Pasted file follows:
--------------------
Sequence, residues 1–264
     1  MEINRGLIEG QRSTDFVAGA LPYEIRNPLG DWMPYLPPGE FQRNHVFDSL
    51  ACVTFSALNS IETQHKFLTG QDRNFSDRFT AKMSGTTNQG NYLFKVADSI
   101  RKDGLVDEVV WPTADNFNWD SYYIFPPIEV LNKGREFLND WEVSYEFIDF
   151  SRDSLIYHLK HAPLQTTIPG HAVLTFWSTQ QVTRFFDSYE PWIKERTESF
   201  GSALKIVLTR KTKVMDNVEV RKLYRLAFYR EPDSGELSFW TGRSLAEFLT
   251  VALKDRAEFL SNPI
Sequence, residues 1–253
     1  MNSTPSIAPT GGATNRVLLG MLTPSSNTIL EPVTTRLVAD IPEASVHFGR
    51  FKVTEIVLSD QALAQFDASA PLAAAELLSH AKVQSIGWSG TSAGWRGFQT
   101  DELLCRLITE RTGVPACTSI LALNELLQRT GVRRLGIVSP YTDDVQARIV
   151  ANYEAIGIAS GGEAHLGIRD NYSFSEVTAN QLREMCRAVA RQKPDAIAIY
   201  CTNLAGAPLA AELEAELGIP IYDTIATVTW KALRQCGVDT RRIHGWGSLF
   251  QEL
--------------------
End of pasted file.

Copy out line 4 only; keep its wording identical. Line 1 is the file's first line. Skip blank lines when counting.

   101  RKDGLVDEVV WPTADNFNWD SYYIFPPIEV LNKGREFLND WEVSYEFIDF